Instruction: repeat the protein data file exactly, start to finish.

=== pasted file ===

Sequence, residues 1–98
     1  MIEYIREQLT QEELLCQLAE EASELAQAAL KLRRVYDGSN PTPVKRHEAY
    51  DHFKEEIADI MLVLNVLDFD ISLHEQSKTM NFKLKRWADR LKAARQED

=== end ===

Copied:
Sequence, residues 1–98
     1  MIEYIREQLT QEELLCQLAE EASELAQAAL KLRRVYDGSN PTPVKRHEAY
    51  DHFKEEIADI MLVLNVLDFD ISLHEQSKTM NFKLKRWADR LKAARQED